NYAFF 2018: The Blood of Wolves

NYAFF 2018: The Blood of Wolves

Murder, corruption, sex, soft pack cigarettes, hard drugs - such is the life of a gang cop in 1980’s Japan, and the rookie Hioka (Tori Matsuzaka) is having a hard time acclimating. His first case fresh off graduating from the prestigious Hiroshima U is a real trial by fire, as he’s been partnered with Ogani (Kōji Yakusho), the toughest and possibly most corrupt gang cop on the force, to put a stop to an impending war between a few rival factions, the Odani-gumi, the Kakomura-gumi, and the Irako-kai. The respected but feared Ogani is willing to do just about anything to help his investigations, often resorting to illegal theft and torture methods. It gets things done, but the still green Hioka can’t stomach it, and starts speaking with internal affairs to have him taken off the streets for good. 

The Blood of Wolves is a classic blend of exploitation cinema and police procedural. The procedural elements are fairly engaging, starting off with a simple missing persons mystery and devolving into full on warfare, but following the yakuza politics can be a bit of a bore. The most interesting elements are far and away the bursts of exploitation, which are sparingly used to great effect. A giant spritz of blood here, some gratuitous nudity there, a lot of it is upsetting and it keeps things moving at a uniquely wonderful pace (I got queasy a whopping one minute and seven seconds in during a scene I’d rather forget about. I honestly worry about what these actors had to ingest).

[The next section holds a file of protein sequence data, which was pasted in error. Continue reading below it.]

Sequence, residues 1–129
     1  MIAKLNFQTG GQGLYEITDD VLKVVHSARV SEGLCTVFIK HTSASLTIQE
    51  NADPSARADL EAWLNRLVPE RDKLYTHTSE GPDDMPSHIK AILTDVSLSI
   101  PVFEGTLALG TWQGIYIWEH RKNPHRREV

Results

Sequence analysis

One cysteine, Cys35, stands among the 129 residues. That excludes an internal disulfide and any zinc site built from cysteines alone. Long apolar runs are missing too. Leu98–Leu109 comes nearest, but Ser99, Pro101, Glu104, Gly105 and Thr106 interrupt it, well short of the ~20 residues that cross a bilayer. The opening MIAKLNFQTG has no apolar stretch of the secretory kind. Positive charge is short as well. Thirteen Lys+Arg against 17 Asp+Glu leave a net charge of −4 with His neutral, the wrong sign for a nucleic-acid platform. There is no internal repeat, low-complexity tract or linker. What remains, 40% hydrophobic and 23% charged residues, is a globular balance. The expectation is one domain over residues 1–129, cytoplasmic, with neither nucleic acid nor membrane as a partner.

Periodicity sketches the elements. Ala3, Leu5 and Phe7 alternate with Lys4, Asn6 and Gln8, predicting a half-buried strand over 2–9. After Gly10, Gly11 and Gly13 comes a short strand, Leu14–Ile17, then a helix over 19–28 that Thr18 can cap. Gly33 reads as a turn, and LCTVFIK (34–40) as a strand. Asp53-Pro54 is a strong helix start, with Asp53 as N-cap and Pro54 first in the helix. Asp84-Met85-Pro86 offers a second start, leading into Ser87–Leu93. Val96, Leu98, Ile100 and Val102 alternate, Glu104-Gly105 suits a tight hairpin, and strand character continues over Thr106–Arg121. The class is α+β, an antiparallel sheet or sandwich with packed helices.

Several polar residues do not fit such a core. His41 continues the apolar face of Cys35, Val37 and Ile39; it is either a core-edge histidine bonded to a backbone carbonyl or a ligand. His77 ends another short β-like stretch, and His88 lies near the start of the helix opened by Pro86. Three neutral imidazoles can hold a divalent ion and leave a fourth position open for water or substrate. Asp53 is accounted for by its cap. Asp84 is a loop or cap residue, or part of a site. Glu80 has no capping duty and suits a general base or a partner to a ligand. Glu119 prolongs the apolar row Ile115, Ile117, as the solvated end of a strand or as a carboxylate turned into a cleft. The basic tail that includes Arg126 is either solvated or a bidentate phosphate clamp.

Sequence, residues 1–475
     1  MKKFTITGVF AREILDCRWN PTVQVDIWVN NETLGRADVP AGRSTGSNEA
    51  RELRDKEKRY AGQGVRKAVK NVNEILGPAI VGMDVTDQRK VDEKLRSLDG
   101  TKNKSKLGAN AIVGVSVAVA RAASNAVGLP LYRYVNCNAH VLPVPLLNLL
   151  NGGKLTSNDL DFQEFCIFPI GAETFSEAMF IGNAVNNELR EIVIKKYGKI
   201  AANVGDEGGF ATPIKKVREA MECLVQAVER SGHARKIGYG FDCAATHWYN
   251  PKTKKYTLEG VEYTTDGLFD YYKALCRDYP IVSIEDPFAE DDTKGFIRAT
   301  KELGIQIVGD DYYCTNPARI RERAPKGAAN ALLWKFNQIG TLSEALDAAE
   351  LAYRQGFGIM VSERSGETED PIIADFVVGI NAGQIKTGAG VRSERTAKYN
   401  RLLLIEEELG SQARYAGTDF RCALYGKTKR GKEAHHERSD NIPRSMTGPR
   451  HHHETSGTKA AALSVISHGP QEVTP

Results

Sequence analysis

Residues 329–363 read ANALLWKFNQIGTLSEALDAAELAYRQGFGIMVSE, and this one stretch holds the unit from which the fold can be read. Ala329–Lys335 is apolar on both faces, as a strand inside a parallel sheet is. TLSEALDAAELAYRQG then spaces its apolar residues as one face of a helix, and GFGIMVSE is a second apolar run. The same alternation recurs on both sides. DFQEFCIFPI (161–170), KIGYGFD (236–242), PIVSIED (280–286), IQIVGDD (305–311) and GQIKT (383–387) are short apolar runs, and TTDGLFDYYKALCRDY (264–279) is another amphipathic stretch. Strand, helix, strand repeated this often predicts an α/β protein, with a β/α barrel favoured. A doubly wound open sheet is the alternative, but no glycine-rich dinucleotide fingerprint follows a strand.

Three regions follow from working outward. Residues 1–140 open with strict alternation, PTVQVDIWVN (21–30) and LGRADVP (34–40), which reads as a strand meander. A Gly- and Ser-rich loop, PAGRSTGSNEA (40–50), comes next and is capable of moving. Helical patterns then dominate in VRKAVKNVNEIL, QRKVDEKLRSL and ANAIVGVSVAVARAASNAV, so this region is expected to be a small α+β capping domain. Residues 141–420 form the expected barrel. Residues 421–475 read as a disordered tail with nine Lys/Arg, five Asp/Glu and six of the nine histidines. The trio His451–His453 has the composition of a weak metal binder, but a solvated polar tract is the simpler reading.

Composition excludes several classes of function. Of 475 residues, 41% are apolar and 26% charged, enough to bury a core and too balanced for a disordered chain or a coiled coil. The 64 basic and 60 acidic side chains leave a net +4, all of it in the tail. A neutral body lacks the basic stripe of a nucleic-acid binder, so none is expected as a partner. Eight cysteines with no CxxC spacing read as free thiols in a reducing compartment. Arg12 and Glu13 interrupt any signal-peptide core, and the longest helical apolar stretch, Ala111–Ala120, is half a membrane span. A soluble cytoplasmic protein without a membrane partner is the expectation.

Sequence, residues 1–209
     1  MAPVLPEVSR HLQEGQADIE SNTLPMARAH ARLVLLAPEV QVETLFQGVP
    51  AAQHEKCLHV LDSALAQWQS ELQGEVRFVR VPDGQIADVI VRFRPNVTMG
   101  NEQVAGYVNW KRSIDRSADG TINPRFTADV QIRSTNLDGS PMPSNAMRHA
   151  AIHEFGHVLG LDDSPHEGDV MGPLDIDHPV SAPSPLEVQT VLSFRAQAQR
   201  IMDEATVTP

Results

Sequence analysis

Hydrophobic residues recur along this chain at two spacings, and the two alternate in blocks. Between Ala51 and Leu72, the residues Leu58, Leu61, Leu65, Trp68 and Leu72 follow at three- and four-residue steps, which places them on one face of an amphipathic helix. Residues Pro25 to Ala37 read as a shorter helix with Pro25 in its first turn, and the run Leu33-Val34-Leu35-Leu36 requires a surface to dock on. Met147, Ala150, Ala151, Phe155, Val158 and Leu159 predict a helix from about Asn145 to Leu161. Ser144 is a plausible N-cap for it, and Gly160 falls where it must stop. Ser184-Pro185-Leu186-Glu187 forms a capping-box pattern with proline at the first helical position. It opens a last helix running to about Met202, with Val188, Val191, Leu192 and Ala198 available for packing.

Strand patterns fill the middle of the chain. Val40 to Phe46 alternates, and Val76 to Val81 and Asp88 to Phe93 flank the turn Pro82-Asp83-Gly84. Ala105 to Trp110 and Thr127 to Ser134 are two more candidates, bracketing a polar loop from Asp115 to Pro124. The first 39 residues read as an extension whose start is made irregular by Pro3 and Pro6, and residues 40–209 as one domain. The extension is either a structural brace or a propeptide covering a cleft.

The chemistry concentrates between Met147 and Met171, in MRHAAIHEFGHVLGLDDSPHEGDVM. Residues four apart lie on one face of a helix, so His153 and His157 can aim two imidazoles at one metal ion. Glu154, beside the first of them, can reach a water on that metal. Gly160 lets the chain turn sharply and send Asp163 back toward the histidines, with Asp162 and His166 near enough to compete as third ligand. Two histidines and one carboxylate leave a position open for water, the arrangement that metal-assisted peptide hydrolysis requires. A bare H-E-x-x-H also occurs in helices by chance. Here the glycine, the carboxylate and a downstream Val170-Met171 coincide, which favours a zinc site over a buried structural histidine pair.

the blood of wolves, tori matsuzaka, koji yakusho, kazuya shiraishi, nyaff 2018,

Veteran actor Yakusho once again gives a great performance as the admittedly cliche grizzled cop. His tough exterior mostly manifests in wisecracks, making him a vital source of levity whenever he’s on screen. Matsuzaka handles most of the film’s dramatic heavy lifting, and the character ends up being a bit of an energy sinkhole outside of the few scenes late in the film where he gets to let loose and display serious talent. The buzzkill is necessary, though, as the myriad yakuza members seem to be in a contest to see who can out-crazy the last. The gonzo performances of these men who think their balls are too big to fit in the same frame as one another were thankfully not reigned in at all.

I am unfamiliar with director Kazuya Shiraishi’s previous work, but with the talent and uncompromising vision displayed here, I can not wait to seek some more of it out. The film is full of go-for-broke performances, gross-out exploitation scenes, funny writing, and interesting cinematography. I haven’t been this entertained by such an unabashedly sleazy movie in a long time.

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